8 Medical Tests Every Woman Should Know About

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Staying on top of our health is essential, but is at times, intimidating. Dr. Carmina Alferez explains 8 medical tests common to women and when you need them.

Through the years, women have become more proactively aware of the different ways to stay healthy.

While before we only went to a doctor when we’re sick, now, we schedule annual physical checkups and visits. Perhaps, this change in mindset comes from an awareness of how difficult and costly it is to get sick especially when you’re a working professional. It also helps that almost all companies have mandatory physical checkups every year.

The diagnostic laboratory tests a person needs are usually tapered to the condition that he or she has. It is not cost-effective to order a lot of unnecessary tests for someone who is healthy. Ideally, one should see a physician first so he or she can conduct a complete history and physical exam on you to be able to order tests that would benefit you the most.

Here are some of the basic medical tests that we should know and what it is for:

Complete Blood Count (CBC)

A CBC is a very basic yet informative blood test that tells you whether you are anemic (low hemoglobin or hematocrit) or have an infection (white blood cell and platelet count). It also tells the doctor what kind of infection you have, whether it is bacterial versus viral.


Contrary to popular belief, a urinalysis is not just for the diagnosis of urinary tract infection or UTI. It also tells us whether your kidneys are functioning properly and whether you are hydrated enough.

One way to tell if you are drinking enough water: Take a look at your pee in the toilet. If it is as clear as water and has a very light yellow color, then you are good to go!

Liver Function Tests

SGPT, SGOT, and alkaline phosphatase are a few of the blood tests that will tell your doctor that your liver is functioning well. The liver metabolizes most of the things we eat or drink. Levels will be elevated if you consistently drink alcoholic beverages, eat fatty foods, or have a liver infection. Doctors also use these tests prior to giving certain medications or to monitor drug toxicity over a period of time.

Lipid Panel

Ahh! Good ol’ cholesterol! A lipid panel shows us a picture of your good and bad cholesterol levels. When asked for a lipid panel, it is important to fast from food and drink 10-12 hours prior to your blood extraction. Fasting blood sugar, on the other hand, is 8-10 hours fasting. So if you’re going to do these tests together, best to fast for 10 hours so that you do not get a false negative or false normal result just because you overfasted.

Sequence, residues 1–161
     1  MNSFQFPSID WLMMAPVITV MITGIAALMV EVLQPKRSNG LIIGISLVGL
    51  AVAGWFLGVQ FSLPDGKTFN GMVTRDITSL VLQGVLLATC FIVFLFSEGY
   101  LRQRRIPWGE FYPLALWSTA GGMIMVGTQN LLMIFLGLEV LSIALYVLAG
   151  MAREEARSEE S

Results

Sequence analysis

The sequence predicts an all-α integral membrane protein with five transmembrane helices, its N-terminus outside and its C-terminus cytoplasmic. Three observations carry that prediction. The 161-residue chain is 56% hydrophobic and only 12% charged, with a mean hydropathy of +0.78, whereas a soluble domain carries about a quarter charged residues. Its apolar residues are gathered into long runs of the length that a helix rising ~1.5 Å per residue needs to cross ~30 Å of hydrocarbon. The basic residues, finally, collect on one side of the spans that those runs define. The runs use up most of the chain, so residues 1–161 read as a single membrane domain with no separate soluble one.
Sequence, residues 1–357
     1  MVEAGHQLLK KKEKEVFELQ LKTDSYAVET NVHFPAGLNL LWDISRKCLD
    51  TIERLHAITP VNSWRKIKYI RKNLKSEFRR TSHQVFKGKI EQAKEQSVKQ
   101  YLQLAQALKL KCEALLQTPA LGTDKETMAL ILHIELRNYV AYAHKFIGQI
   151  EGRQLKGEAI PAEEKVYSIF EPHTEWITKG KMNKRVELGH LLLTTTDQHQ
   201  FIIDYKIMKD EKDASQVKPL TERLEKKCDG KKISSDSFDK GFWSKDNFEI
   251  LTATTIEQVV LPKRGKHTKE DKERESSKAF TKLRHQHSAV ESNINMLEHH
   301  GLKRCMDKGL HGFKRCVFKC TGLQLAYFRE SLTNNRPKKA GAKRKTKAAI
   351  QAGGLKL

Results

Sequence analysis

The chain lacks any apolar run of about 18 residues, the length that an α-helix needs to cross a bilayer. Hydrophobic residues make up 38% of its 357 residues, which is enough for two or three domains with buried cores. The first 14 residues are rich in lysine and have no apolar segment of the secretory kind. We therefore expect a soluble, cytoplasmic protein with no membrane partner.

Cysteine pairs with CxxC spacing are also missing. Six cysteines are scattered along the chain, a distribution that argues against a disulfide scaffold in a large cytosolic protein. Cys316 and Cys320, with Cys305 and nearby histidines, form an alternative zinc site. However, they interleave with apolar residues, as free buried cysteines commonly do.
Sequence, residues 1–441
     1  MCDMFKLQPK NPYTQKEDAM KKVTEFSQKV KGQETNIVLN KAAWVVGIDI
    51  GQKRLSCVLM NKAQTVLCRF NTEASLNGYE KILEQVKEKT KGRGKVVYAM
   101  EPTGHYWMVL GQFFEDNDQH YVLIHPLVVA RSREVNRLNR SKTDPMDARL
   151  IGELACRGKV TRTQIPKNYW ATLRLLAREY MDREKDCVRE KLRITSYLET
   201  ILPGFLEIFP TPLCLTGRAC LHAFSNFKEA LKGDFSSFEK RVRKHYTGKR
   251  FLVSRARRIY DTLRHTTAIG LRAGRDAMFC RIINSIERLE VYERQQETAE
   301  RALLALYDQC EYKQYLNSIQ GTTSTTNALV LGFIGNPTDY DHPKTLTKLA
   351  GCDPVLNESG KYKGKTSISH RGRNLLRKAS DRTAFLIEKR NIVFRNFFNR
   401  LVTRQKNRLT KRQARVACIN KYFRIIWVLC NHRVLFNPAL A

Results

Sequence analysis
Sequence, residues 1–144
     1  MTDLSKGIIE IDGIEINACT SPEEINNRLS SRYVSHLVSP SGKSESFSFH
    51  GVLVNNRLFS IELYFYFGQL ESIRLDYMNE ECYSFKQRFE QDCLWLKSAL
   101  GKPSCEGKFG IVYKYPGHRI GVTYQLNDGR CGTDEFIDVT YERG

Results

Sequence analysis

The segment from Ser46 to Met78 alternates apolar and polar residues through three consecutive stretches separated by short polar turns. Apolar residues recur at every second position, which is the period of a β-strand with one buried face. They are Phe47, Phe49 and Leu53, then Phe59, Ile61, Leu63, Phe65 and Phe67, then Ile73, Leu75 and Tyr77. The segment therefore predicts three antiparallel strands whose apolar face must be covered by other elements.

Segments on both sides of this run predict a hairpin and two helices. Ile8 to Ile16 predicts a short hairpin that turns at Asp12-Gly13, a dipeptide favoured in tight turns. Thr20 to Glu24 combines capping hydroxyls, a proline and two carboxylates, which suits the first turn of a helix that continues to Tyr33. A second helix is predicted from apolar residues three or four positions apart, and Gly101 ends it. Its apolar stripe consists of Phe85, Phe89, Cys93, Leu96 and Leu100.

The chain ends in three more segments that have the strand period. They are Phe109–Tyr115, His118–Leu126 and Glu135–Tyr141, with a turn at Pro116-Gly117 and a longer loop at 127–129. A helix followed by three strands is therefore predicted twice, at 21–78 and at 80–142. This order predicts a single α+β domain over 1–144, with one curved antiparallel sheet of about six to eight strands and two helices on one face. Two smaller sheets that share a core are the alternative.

Paps Test or Pap Smears

Anyone who is sexually active should at least get a first pap smear at age 21 or three years from the onset of sexual intercourse. One could have either an annual conventional pap smear or a liquid-based cytology (LBC) every 3 years.

Cervical cancer is one of the cancers that can be diagnosed early, through pap smears. It detects microscopic cellular changes in your cervix. Once detected, there are several other procedures your OB-GYN can do to prevent it from becoming full-blown cancer. The common notion of pap smears being painful is actually overrated. The quick, slight discomfort from a pap smear is nothing compared to the reassurance we get that everything is ok down there 🙂

More on g.spot PH:

Breast Ultrasound

This type of ultrasound is usually reserved for patients under 40 years old who need a diagnosis for a breast mass. The density of the breasts in this age group makes it difficult to use mammograms as a screening tool. However, this is also an adjunct to mammograms for aged 40 years old and above if a breast mass needs further imaging and evaluation.


Mammograms are imaging techniques used as breast cancer screening for 40 years old and above. Like pap smears, patients are afraid to get mammograms because of the supposed pain during the procedure. Luckily, the newer models of mammogram machines nowadays take images faster and need not squeeze (or flatten!) your glorious mounds anymore compared to 20 years ago (whew!).

Transvaginal, Transrectal, and Pelvic Ultrasounds

These types of ultrasounds scan the reproductive system and are usually targeted; they are generally not used as screening tools.

You will usually present with a symptom related to your reproductive tract before your OB-GYN will order any of these. Common symptoms include abnormal bleeding and pelvic pain.

The transvaginal ultrasound is also very vital in making the correct fetal aging during the first three months of pregnancy if you have a history of irregular periods.

A transrectal ultrasound is reserved for similar symptoms in women who have never had any intercourse or have never given birth.

These are just a few of the tests that a woman may encounter in her lifetime. We need to remember, however, that tests are adjunct to the whole picture of a disease process. A medical history and a complete physical exam are equally important to enable your physician to give you the best medical care possible. 

When you see those H’s and L’s or those highlighted values in your results, remember to talk to your doctor about it. Searching for it online is alright, as long as you know that whatever it is that you read when you search in Google might not necessarily apply to you. The dictum in medicine is to “treat the person, not the labs.”

So relax (get enough rest and sleep), enjoy (exercise and eat the right kind and amount of food), and see you for your annual physical soon!

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